There’s not much that motorists dread more than a winter car breakdown. Nobody wants to be stuck on the side of the road in darkness and freezing weather waiting for the recovery service to arrive. Although car breakdowns occur less frequently than in the past, they do still happen, so it’s important to know what to do if you find yourself stranded. Here are our top tips for staying safe in the event of a breakdown.
If at all possible, get your vehicle off the road, or onto the hard shoulder if you’re on a motorway. Stop as far to the left as you can, with the wheels turned to the left. Watch out for soft verges – you don’t want your car to get stuck in mud as well!
Put your hazard warning lights on to indicate to other motorists that your vehicle is stationary. If it’s dark or foggy, it’s also a good idea to leave our sidelights on to ensure your car is visible.
Keep as far away from moving traffic as you can – getting out the car is normally advised. Wait behind a barrier or, if on the motorway, move up the bank. Animals, however, should be left in the car for safety.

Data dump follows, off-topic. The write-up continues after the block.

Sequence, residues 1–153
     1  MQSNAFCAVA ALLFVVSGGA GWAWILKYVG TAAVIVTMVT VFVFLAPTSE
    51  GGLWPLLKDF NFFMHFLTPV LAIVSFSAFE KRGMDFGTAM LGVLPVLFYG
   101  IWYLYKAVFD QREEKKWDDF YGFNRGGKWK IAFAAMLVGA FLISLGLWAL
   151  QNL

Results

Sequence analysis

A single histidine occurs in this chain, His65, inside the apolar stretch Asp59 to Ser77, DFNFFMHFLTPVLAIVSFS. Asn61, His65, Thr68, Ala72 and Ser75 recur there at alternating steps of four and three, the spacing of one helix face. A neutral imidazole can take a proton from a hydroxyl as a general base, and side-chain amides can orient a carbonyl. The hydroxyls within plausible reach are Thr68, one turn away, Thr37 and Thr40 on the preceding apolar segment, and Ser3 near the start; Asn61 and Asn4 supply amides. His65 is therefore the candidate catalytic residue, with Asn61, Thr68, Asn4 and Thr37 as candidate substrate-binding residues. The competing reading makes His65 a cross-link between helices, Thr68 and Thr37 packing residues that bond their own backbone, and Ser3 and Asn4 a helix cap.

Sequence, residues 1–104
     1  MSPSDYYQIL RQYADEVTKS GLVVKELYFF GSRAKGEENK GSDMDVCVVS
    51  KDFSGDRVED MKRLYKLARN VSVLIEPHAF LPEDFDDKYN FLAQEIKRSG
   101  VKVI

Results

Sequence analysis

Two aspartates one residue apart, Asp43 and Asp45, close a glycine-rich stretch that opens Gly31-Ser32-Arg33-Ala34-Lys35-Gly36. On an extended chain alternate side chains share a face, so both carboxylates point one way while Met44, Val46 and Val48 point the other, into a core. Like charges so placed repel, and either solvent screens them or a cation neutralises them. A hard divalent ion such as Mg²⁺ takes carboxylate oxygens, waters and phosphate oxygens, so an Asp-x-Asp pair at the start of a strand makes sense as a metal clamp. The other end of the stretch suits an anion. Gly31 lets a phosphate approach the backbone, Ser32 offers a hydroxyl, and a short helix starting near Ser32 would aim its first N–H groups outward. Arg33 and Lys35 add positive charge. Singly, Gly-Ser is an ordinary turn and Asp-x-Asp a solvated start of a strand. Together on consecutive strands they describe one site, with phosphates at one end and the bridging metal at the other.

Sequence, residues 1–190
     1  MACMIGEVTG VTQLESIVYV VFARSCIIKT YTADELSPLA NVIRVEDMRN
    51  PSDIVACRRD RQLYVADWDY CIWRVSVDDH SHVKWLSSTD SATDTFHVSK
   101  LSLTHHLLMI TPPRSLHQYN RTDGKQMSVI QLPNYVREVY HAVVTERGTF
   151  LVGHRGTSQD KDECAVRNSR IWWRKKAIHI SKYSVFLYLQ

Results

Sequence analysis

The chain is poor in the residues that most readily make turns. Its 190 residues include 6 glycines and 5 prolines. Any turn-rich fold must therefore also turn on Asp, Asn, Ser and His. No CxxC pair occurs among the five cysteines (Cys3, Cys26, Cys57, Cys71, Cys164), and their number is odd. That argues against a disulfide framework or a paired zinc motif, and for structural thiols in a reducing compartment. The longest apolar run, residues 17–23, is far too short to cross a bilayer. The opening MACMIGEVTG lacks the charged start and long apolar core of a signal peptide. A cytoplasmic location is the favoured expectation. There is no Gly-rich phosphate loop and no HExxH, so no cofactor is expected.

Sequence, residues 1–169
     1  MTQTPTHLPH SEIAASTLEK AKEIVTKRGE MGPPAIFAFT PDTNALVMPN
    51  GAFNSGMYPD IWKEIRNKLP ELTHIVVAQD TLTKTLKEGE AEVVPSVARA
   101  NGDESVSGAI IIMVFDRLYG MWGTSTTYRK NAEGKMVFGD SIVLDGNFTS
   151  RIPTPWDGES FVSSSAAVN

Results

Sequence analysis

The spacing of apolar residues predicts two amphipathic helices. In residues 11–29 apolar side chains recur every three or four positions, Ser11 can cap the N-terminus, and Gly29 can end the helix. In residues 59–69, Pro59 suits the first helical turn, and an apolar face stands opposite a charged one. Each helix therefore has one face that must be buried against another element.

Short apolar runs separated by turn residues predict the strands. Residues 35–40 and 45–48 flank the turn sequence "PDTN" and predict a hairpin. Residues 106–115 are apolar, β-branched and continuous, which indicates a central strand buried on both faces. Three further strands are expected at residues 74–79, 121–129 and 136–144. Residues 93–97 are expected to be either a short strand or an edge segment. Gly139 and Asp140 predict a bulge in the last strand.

Breakdown kits are useful in an emergency – indeed, they are required by law in some countries. Put on a reflective vest or jacket to ensure you ca be seen and if it’s safe, set up a warning triangle at least 45m behind your vehicle. Warning triangles should not be used on a motorway or hard shoulder though, as they can pose more of a risk than they deter.
Give your recovery service a call as soon as possible. If you are with your family or a woman by yourself, it’s advisable to let them know this, as many recovery services prioritise families and women travelling alone. If you don’t have a mobile phone or your phone’s battery is dead, walk to the nearest emergency phone. On the motorway, you can find these by following the arrows mounted on posts on the hard shoulder. Emergency phones are free to use and connect directly to the police.
There are a number of things you can keep in your vehicle to take the edge off if you’re in a winter car breakdown. A blanket can help keep you warm, and ensuring there are snacks and drinks in the cabin means you can sustain yourself if there’s a long wait for the recovery service.
A torch with spare batteries is also valuable in winter as the days are short and darkness can set in quickly. Think about popping a small shovel in the boot and an ice scraper in the driver’s side door pocket too.